892 Divine assistance is also given to the successors of the apostles, teaching in communion with the successor of Peter, and, in a particular way, to the bishop of Rome, pastor of the whole Church, when, without arriving at an infallible definition and without pronouncing in a "definitive manner," they propose in the exercise of the ordinary Magisterium a teaching that leads to better understanding of Revelation in matters of faith and morals. To this ordinary teaching the faithful "are to adhere to it with religious assent"422 which, though distinct from the assent of faith, is nonetheless an extension of it.

Hopefully, you now see the difference between the two. Furthermore, as a practical matter, while those involved in women's ordinations to the priesthood are getting the practically unheard-of (these days) sanction of automatic excommunication (at least according to some sources ...), I have not heard of any similar punishment for those involved in withdrawal method contraception. Have you? Can you point to a single instance of that?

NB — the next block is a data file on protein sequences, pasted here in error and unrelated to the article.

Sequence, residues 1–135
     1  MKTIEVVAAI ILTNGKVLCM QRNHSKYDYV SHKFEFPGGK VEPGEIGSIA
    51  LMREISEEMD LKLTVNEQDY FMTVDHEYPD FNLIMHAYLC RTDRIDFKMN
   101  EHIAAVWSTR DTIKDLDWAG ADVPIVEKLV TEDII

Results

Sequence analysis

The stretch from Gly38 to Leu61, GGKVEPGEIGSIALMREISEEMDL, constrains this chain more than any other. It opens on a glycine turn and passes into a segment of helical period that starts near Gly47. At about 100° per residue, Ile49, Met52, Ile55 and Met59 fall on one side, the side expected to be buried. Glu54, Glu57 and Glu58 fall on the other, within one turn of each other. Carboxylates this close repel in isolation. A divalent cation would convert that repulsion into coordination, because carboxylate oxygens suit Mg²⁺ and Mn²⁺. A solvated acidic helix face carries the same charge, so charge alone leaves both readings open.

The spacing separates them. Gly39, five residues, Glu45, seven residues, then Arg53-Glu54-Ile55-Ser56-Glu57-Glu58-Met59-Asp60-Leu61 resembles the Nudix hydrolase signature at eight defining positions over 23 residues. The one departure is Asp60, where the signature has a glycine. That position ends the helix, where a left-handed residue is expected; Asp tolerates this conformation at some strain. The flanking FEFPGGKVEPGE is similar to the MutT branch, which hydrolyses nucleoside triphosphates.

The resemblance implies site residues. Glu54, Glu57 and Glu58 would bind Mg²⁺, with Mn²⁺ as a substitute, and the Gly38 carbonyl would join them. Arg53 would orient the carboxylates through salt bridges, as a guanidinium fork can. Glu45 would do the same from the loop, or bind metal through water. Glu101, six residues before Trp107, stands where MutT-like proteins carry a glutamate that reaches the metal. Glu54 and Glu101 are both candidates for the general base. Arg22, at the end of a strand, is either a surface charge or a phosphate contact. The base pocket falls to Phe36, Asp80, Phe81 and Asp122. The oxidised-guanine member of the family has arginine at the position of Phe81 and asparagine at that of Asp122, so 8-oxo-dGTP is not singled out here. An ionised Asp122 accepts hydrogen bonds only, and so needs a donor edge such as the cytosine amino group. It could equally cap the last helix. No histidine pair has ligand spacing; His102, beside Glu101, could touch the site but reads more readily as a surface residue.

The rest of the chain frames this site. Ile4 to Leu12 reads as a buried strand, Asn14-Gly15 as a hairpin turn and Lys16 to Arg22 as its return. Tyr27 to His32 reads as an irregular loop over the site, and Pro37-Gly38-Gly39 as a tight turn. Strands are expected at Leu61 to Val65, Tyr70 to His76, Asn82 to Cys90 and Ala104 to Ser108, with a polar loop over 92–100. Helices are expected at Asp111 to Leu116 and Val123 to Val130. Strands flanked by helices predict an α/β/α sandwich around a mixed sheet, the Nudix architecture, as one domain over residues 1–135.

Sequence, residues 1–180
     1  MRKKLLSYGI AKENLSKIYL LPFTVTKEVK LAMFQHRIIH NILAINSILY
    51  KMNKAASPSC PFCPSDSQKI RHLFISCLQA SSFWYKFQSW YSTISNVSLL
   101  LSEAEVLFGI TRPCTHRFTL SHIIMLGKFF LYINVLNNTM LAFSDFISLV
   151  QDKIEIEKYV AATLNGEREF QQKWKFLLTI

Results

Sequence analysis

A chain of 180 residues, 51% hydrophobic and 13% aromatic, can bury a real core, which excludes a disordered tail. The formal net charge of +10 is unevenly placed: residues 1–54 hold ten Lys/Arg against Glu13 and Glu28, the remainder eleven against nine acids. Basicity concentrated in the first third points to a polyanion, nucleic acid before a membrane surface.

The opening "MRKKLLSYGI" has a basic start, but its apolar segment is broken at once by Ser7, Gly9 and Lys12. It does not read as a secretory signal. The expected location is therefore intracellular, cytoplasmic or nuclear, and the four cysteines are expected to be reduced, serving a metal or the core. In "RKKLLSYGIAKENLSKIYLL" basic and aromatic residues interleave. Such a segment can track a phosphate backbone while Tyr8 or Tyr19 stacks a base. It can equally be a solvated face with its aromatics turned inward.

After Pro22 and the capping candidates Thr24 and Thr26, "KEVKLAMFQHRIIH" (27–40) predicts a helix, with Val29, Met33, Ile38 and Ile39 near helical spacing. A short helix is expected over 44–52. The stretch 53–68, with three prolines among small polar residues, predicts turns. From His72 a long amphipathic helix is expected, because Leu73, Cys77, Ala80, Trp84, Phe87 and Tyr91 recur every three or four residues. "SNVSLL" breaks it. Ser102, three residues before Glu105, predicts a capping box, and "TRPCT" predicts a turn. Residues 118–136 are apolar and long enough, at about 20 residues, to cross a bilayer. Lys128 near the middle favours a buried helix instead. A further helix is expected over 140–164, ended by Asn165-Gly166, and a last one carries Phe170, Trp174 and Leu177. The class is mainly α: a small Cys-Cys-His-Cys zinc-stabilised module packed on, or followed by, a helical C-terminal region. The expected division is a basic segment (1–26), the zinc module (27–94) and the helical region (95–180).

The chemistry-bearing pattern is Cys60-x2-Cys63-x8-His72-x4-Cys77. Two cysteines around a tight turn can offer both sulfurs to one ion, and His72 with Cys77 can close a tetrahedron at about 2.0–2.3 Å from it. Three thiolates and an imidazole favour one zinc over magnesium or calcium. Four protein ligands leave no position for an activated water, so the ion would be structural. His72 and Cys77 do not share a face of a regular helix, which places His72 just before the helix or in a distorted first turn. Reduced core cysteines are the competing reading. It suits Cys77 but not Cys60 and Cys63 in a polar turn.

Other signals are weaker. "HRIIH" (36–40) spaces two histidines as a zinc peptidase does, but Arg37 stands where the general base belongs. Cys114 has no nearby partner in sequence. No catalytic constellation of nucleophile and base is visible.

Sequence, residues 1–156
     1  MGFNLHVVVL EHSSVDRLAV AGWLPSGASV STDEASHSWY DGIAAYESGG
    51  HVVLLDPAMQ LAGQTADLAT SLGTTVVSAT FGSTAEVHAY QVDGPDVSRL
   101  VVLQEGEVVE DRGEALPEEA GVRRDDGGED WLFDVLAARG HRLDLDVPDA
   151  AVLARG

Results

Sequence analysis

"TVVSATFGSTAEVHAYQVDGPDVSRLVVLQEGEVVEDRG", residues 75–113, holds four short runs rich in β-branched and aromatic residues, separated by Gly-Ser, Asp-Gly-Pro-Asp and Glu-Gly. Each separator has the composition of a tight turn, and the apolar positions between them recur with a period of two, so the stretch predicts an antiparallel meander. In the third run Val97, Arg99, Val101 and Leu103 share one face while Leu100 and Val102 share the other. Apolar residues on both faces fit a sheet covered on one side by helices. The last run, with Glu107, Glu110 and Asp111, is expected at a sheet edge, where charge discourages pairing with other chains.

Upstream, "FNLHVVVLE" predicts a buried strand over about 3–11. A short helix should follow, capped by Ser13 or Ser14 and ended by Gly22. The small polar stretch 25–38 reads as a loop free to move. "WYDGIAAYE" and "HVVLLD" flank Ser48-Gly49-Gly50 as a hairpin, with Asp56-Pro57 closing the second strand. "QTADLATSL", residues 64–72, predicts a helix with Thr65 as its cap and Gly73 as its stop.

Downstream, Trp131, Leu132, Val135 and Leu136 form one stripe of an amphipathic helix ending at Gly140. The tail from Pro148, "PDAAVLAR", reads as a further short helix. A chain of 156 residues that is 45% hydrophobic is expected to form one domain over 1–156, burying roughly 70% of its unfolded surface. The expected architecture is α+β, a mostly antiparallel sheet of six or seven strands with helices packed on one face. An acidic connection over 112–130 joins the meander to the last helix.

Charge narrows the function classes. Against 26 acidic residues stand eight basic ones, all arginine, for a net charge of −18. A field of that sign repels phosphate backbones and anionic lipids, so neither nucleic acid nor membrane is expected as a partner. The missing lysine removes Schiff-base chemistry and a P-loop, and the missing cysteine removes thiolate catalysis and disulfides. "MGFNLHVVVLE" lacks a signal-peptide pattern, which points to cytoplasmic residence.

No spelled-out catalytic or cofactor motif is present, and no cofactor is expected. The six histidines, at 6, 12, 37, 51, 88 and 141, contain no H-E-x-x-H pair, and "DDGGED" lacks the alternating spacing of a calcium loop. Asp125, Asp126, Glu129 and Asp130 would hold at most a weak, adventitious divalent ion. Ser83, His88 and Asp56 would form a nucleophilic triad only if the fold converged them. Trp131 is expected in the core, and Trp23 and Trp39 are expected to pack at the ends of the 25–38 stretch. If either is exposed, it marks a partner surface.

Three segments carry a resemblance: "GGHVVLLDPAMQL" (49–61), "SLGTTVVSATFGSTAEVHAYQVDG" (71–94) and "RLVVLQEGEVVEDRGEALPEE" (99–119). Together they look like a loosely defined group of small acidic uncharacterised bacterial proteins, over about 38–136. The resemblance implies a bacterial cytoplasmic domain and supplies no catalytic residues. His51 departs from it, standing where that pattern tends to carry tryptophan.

Alexander Greco said...

Turretinfan: Trying to muddy the waters with the issue of a female priesthood won't work here.

Me: Can you humor me with a relevant difference? Well here is your attempt:

Turretinfan: The pope, even as Prefect of the Congregation for the Doctrine of the Faith, is still fallible. He's only infallible when speaking ex cathedra or in union with an ecumenical council. That's your own church's rule for the nonsense - you should know it.

Me: Uh, Turretinfan, Benedict was not pope then...a little research would do you well, and you have displayed that you will not put in any effort.

The Church has another means for infallible teaching, as I quoted Lumen Gentium, 25: it is called the ordinary and universal magisterium. This is not the same thing as those other two means of infallible proclamations which you have alluded to. I can go further into this tommorrow.

As of right now, read this:

Alexander Greco said...

I do not have anymore time tonight to respond, however, I did want to make a quick comment on this:

Turretinfan: Guess what ... scheduling one's sexual behavior involves, yes, sexual behavior. There is a difference between simple abstinence and NFP: one involves sexual activity, one does not. One is like the young couple up the street that makes love 3 weeks a month, the other is like the picture you portray of Jesus' mother and legal father.